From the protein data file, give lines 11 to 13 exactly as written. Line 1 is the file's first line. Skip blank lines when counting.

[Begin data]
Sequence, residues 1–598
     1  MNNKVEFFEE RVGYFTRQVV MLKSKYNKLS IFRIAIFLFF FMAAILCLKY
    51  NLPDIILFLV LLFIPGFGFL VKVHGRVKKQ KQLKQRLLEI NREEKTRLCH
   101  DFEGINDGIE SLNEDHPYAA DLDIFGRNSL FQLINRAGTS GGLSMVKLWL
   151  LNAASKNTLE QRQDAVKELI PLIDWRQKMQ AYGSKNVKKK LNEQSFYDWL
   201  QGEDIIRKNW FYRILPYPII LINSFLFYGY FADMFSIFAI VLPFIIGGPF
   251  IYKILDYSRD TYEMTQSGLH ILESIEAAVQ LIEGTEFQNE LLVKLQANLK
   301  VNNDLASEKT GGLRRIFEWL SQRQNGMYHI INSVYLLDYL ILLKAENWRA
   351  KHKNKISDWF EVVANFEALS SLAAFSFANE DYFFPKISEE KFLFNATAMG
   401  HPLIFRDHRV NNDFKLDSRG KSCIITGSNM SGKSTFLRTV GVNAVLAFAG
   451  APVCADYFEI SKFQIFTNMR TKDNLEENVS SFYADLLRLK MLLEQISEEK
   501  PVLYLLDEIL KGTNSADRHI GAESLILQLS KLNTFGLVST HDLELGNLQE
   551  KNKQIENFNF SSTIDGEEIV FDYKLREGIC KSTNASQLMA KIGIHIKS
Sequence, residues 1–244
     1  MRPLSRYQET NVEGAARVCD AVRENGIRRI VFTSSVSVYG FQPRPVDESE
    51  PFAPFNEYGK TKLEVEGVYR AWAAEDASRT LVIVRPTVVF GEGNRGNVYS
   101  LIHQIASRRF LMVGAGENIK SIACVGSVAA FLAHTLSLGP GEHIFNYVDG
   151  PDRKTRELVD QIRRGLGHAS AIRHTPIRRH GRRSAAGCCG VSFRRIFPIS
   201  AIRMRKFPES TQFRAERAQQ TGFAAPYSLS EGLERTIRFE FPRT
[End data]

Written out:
   451  APVCADYFEI SKFQIFTNMR TKDNLEENVS SFYADLLRLK MLLEQISEEK
   501  PVLYLLDEIL KGTNSADRHI GAESLILQLS KLNTFGLVST HDLELGNLQE
   551  KNKQIENFNF SSTIDGEEIV FDYKLREGIC KSTNASQLMA KIGIHIKS